I will be teaching a Nature Journaling class coming up next week (November 6, 2019) at the JMU arboretum. Come join the fun!
Tonight, I’ll be showing my Colors of the Blue Ridge series for the first time (along with several other pieces) at a gorgeous location, Joshua Wilton House in Harrisonburg. My very first art sale happened there more than twenty years ago while showing with a group. What an encouragement that sale was!
This time I show at JWH, I’ll have several dining rooms in which to display my art. Local photographer Erin Harrigan will have the front two rooms of the house. To prepare for the reception, I’ve made giclee prints and notecards to offer in addition to original pieces.
For the past six months, I’ve been working in a series exploring the view I have to the South from my home. More than twenty years of observing these mountains of the Shenandoah National Park and every day brings new sights. Two of my pieces from this series are below.
If you are local to Harrisonburg, you can see these and others at the Joshua Wilton House for the months of July, August and September 2019. I’ll be at a Meet the Artist event this Friday, July 5 from 4-5 pm. Light refreshments are provided and wine is available for $5 per glass. Stop in to say hello before you head into Harrisonburg for First Friday!
It still takes my breath away. For more than twenty years, I have had the pleasure of living in view of the Shenandoah National Park. The peaks and ridges dominate my view to the southeast.
The Blue Ridge is the name of this chain mountains that stretch northeast to southwest through the length of Virginia. Granted, blue is the color it appears most often. But I have seen those mountains be every color of the rainbow and then some. Verdant green on rare summer days when the humidity drops. Chartreuse creeping up from the foothills in the spring. Subtle red, blazing orange and even golden in the setting sun of autumn. Shades of magenta when the summer sunrise sideswipes it from the east. Violet as the morning sun comes up from behind in the colder months. Brown and grey in the doldrums of winter, or suddenly snow-covered in dazzling white with every tree defined in wet black. And blue. Deep cobalt in the heat of summer when the air is thick – deepest in the hollows. Dark, brooding blue as the heavy thunderclouds dump untold tons of rain onto her slopes. Thin periwinkle blue fading more with each distant ridge into the sky on a cold, overcast day. Royal blue, watery blue, steel blue.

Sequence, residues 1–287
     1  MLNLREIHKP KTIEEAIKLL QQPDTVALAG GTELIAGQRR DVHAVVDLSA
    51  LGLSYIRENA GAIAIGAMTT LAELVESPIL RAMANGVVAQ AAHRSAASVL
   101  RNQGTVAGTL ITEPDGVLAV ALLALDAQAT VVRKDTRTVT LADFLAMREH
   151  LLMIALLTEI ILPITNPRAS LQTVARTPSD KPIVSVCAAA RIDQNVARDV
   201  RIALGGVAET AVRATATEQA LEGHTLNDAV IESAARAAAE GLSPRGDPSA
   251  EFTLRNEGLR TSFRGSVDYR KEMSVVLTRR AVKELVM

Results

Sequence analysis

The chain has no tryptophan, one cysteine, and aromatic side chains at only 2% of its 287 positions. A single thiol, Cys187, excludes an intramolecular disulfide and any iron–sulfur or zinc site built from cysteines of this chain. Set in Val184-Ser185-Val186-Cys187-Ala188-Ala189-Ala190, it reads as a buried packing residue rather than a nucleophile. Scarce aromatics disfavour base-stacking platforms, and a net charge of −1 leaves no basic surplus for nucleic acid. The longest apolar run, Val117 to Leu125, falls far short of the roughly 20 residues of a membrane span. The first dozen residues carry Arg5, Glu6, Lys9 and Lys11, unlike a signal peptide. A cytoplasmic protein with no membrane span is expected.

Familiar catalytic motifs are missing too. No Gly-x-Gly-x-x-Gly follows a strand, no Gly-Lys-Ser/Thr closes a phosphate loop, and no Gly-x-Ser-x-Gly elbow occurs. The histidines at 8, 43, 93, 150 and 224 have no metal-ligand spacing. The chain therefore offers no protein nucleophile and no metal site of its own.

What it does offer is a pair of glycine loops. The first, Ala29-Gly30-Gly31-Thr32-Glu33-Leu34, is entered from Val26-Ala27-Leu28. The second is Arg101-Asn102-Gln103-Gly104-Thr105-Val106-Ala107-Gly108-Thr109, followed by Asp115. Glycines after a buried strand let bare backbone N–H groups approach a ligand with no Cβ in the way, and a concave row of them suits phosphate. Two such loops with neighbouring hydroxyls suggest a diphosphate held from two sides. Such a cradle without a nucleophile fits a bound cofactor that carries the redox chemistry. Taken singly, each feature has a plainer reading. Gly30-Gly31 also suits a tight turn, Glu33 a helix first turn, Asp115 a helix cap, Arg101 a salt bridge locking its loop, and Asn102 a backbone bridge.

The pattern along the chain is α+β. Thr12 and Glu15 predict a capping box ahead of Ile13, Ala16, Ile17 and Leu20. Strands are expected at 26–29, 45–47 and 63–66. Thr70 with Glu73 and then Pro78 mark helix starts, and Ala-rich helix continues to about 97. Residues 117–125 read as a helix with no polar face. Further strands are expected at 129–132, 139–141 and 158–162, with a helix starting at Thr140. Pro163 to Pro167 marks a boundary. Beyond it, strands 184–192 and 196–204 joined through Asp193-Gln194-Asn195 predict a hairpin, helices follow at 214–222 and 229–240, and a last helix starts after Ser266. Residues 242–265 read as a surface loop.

The light can flatten or sculpt the hills. Back-lighting in the early morning or scant light on a overcast day creates the illusion that the hills are cut out of paper or air-brushed onto a wall. But their volume is revealed in strong evening sunlight. Shadows offer contrast in value and color. Orange on the light side, purple on the dark. Or green on the light side, blue on the dark.
Weather patterns add another dimension. Small, puffy clouds can leave a mottled shadow pattern on the undulating surface. We might have clear skies above our valley, but on the other side of the park a storm rages with thunderheads dwarfing the tallest peaks. Fog can blanket the base or clouds might obscure the peaks. Sometimes a low blanket of clouds rolls over the whole range, creeping over the ridges and sinking into the lowest parts.